The Daleks are back! Revisiting 2005’s ‘Dalek’
Guest contributor Dan Peters takes a trip back to when it where it all (re)started.
Many of you will already know that the Doctor’s oldest adversaries, the Daleks, are set to make their (almost annual) return in Series 9 in just days, and by the looks of things, there’s going to be a lot of them! So it felt like the right time to go back to where it all (re)started, and share my views on their first appearance of the revival, ‘2005’s ‘Dalek’, written by Robert Shearman, who for some reason hasn’t been back since (BRING HIM BACK!). If you haven’t seen the episode yet, (and you are in the minority), I advise you to catch up before the start of the new series.
Before 2005, the Daleks were already a massive part of British culture and even if you didn’t watch Doctor Who, you knew about them and their link with the show. It was pretty much a given that they would be brought back in the first series of the revival, and the media were quick to make a big deal about their return and new bronze redesign. By the time ‘Dalek’ aired in 2005, we had been to modern day earth, the far future and the distant past. All the main bases covered, so this was the perfect time to bring the metal pepper pots back.
Picking up on a signal, the plot sees the 9th Doctor and Rose arrive at a bunker in Utah 2012. There they meet a millionaire Collector Henry Van Statten, who is in ownership of an ‘unknown’ creature, that turns out to be a damaged Dalek that appears to have survived the time war. Rose activates it by touch and it shows its true colours (I don’t mean grey and blue! Sorry very geeky!).
From here the episode is basically a base under siege story. One Dalek, desperate to survive, is shown to do a lot of damage. What Shearman does so well here is to put the Dalek in many situations where the audience would think it would fail, e.g.; the sprinklers would electrocute it, it wouldn’t be able to get up a flight of stairs, and proves them wrong (which, if you had watched ‘Remembrance of the Daleks you would know they can already, come on people!). It shows those new to the show, a generation of kids and adults who hadn’t seen the older stuff, how ruthless and efficient the Daleks can be, setting that impression for the episodes to come. The effects throughout are great and credit has to be given to Nick Briggs who has done such a great job of bringing them live by voicing them over the past 10 years.
The best bits in this episode for me are when the Doctor confronts the Dalek:
The Doctor: If you want orders, follow this one: Kill yourself.
Dalek: The Daleks must survive!
The Doctor: The Daleks have failed! Now why don’t you finish the job and make the Daleks extinct?! Rid the universe of your filth! Why don’t you just die?!
Dalek: You would make a good Dalek.
I also like the way Shearman shows that the Dalek is slowly gaining more human emotions. He’s the last of his kind and is in pain from the way he has been treated. This is also touched upon in 2007’s ‘Daleks in Manhattan’/‘Evolution of the Daleks’ and 2014’s ‘Into the Dalek’ which has many clear parallels to this story. They both contain Daleks that are locked up and gaining human feelings .The main difference I feel why ‘Dalek’ is much better. On normal occasions, they are shown to have no concept of feeling and emotions, something that I feel make them such good adversaries and the main reason behind why they keep on coming back, featuring in 26ish TV stories! (I hope I haven’t started a debate!)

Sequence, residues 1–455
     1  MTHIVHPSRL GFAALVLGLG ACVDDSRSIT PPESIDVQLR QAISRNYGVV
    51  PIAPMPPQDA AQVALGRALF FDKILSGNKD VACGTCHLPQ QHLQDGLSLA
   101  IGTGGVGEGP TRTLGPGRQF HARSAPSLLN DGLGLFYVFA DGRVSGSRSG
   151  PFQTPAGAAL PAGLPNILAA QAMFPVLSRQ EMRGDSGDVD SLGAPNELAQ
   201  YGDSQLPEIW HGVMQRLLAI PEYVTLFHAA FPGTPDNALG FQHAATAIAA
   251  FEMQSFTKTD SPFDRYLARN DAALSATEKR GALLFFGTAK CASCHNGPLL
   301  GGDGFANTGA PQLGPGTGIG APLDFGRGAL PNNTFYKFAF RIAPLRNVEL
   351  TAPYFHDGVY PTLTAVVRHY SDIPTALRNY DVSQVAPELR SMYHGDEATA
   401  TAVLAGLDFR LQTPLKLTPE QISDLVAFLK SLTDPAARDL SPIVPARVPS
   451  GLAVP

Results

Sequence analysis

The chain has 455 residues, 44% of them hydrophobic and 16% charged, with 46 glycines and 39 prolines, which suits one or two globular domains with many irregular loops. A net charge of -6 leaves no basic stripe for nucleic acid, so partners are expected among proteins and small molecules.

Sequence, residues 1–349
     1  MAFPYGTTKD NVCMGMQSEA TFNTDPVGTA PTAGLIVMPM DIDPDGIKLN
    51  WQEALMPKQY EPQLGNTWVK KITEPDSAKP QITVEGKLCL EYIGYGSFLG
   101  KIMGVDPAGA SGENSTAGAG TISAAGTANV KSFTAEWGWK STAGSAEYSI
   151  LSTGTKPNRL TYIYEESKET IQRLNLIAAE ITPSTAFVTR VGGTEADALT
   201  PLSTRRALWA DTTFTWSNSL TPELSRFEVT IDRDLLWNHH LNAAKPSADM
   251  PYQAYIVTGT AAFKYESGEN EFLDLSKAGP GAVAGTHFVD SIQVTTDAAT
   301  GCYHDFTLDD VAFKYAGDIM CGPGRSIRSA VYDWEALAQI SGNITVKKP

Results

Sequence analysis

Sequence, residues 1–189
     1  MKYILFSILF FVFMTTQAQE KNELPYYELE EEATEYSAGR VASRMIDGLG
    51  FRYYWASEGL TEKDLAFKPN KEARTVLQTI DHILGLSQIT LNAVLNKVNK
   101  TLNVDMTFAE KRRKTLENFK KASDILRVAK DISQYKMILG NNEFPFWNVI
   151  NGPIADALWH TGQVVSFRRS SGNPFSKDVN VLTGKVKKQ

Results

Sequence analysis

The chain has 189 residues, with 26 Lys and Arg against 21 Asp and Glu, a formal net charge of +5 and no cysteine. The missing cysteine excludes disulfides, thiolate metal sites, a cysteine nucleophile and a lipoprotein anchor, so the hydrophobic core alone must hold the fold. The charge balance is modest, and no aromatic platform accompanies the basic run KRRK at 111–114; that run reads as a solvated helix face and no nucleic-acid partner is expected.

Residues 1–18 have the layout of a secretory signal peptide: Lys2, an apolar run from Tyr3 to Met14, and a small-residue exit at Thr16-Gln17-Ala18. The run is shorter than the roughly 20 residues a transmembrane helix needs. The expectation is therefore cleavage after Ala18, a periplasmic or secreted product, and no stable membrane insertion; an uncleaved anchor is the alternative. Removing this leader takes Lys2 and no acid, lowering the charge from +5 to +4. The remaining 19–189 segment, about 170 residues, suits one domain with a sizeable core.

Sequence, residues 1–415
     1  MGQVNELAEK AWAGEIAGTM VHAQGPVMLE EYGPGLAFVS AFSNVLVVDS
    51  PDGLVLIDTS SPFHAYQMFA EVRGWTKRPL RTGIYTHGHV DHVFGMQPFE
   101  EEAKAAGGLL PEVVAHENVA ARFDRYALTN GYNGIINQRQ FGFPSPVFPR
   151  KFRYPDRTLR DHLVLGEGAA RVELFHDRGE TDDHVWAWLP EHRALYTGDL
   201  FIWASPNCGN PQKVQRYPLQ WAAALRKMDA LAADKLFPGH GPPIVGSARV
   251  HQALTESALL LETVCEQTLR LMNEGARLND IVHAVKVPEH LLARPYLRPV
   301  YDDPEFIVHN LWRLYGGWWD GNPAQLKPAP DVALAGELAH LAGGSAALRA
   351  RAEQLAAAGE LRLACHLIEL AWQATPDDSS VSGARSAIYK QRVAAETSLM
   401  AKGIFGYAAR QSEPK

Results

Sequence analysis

Although the episode is a great Dalek showcase, in essence this story is as much about the Doctor, how he has changed through fighting in the time war, and the similarities (although he wouldn’t like to admit it), between him and the Dalek. When the Doctor is wielding a gun willing to kill it, it’s Rose who shows him that his actions are wrong. Rose made the Dalek more human and as we slowly find out, the Doctor too.
The Doctor: Rose did more than regenerate you. You’ve absorbed her DNA. You’re mutating.
Dalek: Into what?
The Doctor: Something new. I’m sorry.
Rose: Isn’t that better?
The Doctor: Not for a Dalek.
By the end, the Dalek basically commits suicide because it is not pure enough to be efficient. This is deep stuff. Looking back on Robert Shearman’s tale, I feel it was brave for that first series. Emotionally it showed the Daleks clearer than any other episode had done before or since. It’s not much fun, and I feel it does sometimes miss some comedy, but now and again ‘Who’ really benefits from stories like this. Since its broadcast the Daleks have grown in popularity, appearing almost every series since, being on a huge amount of merchandise and have even showing up in an online game!
It is certainly up there with the best Dalek episodes. It was dark, complex and contained inner messages about morals, loneliness and discrimination. Oh yeah, and that Adam guy got a trip on the TARDIS! It perfectly introduced the Daleks for a new generation and set the benchmark for all stories that they’ve appeared in since.
Thanks for reading, but now I want to know what you think! What are your favourite ‘Dalek’ moments? Are you looking forward to their return in Series 9? Tell me in the comments section below.